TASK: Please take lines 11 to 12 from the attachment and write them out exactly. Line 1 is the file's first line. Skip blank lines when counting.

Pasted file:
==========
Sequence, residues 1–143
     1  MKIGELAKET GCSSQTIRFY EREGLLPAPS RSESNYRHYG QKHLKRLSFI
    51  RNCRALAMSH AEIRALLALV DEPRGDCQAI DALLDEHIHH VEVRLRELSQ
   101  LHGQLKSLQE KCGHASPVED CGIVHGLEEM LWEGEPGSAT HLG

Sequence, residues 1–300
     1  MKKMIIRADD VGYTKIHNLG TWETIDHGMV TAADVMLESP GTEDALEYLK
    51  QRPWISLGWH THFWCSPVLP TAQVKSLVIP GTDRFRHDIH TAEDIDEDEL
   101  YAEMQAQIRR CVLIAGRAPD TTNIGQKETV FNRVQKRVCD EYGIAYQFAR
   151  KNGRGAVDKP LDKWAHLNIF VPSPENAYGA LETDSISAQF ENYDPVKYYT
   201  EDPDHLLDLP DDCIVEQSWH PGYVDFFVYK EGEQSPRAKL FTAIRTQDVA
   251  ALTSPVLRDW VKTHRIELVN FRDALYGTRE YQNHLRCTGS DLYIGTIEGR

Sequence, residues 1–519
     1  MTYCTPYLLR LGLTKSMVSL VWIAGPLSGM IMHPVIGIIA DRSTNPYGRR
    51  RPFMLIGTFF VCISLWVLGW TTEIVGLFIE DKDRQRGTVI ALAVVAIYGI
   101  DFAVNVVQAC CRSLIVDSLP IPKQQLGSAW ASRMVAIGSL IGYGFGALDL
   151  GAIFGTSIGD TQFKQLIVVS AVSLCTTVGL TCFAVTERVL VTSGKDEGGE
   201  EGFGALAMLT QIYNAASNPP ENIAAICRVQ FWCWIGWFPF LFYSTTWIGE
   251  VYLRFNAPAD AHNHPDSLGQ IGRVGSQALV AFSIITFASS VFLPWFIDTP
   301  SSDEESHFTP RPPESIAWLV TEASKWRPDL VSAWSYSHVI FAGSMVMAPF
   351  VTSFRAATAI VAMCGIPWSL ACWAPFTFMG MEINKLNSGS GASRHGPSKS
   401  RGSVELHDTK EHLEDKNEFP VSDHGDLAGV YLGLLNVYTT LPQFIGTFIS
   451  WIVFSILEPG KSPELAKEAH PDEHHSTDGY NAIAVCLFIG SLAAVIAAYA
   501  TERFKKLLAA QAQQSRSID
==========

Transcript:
   251  ALTSPVLRDW VKTHRIELVN FRDALYGTRE YQNHLRCTGS DLYIGTIEGR

Sequence, residues 1–519